As Movie Theaters Reopen, What’s Next?

By Gilbert Galvan  | 

After an uncertain and turbulent year for film, there is optimism again. America is getting vaccinated and movie theaters are reopening. In the past year, we’ve seen TV and film shoots have to rethink safety protocols and endure major changes in production, and so it’s worth asking: what will movies (and moviegoing) look like in the coming year, and beyond?

As the world “opens back up,” we know that releases may look different. Movie theaters’ exclusive rights have changed, and the much-forecast “streaming wars” between emerging platforms ended up being moot, as almost every streaming entertainment provider saw massive growth in 2020. However, we have already received early signs that the moviegoing public is hungry for an in-person experience, and the lineup this year is poised to receive a slate of delayed films — blockbusters pushed back from 2020, in some cases multiple times — to hopefully fortify the return of going to the movies.

There’s no doubt that 2020 and the Covid-19 pandemic exacerbated some existing trends in entertainment, notably that many viewers prefer to watch new movies at home. Netflix is excited about this trend, of course, and Warner Brothers surprised many viewers by announcing simultaneous in-home releases (all on HBO Max) of its biggest movies this year. There has typically been a 90-day window for theaters to have exclusive access to new releases, but in the time of Covid, those rules (and that exclusivity) changed.

There will now likely be, according to The Wrap, individual deals for individual releases, all based on the type of film and the studio. Comscore analyst Paul Dergarabedian told The Wrap that there’s a big difference between the “mid-budget comedy” and “a Jurassic World,” explaining that major tentpoles may still see wide releases, while more prestige films may find more success on the small screen, at home. Pixar earned Oscar nominations for two films in 2020 that had two in-home releases, Onward and Soul, and is preparing for 2021’s Luca to also skip theaters for a Disney+ debut.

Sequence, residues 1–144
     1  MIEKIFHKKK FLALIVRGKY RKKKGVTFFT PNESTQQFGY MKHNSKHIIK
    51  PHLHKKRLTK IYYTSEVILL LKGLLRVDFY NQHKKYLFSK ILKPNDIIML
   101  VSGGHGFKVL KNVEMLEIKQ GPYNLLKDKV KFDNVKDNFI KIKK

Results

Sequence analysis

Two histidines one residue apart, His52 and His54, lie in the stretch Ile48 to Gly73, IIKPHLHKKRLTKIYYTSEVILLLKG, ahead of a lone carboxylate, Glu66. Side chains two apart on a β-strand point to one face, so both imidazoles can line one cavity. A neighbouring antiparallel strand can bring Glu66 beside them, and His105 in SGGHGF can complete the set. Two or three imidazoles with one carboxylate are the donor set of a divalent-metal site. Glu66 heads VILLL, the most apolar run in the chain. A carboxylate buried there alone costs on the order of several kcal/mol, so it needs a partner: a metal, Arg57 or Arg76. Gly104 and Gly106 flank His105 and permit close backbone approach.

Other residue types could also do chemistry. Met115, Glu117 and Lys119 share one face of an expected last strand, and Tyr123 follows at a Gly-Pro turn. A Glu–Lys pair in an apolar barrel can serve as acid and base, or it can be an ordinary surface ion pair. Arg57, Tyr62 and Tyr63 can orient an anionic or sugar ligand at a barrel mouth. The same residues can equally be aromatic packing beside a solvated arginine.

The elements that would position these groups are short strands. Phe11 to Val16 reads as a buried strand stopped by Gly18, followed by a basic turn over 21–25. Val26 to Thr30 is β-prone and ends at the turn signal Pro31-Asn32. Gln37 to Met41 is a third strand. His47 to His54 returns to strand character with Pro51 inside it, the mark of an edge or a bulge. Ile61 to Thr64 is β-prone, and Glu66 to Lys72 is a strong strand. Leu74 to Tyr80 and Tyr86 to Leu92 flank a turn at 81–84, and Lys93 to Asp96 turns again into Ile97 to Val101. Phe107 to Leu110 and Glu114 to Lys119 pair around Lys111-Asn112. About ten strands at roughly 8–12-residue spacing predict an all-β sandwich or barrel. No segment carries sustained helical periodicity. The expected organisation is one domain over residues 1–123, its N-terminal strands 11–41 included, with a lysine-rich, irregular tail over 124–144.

Disney’s decision to give upcoming Marvel movie Black Widow, starring Scarlett Johansson, a simultaneous Disney+ and in-cinemas release has irritated some cinema owners, especially because there is reason to believe that people are excited to return to the movies. One good sign is the pandemic’s first blockbuster, Godzilla vs. Kong, which set a pandemic box office record, grossing more than $48 million in its first weekend. Many see this as a positive omen, as it’s the first film to be released with a notable percent of the American population vaccinated. Now Hollywood will wait to see if this success is repeatable and sustainable.

The pandemic year generated a great deal of uncertainty in television programming, and the slate of delayed films from 2020 reveals a similar story. The good news is that the pent-up demand from the pandemic year and its lockdowns will be soothed with a lineup of potential blockbusters from 2020. Lin-Manuel Miranda’s filmed version of Broadway smash In the Heights promises to excite audiences, as does a thirty-years-in-the-making Top Gun Sequel, Top Gun: Maverick. One of the most notable film postponements, Daniel Craig’s final James Bond Film, No Time to Die, will finally be in front of eager audiences this October.

After a year of lockdowns and isolation, people are ready for, as Owen Gleiberman of Variety puts it, the “immersive nature” of in-person cinema. “This year of being away from that experience … has just fed my hunger to go back,” he writes. Hollywood is ready to deliver, from Ghostbusters to more Marvel movies, to Mission: Impossible and an anticipated Dune remake. This year’s slate of much-awaited franchise films could make AMC Theaters’ president’s prediction come true: people will return to movie theaters. What that looks like long-term is anyone’s guess, but we can be certain theatergoers will be happy for a return to the ritual of finding a seat, digging into a huge buttered popcorn and the thrill of the lights dimming before a much-awaited summer blockbuster.

Gilbert Galvan
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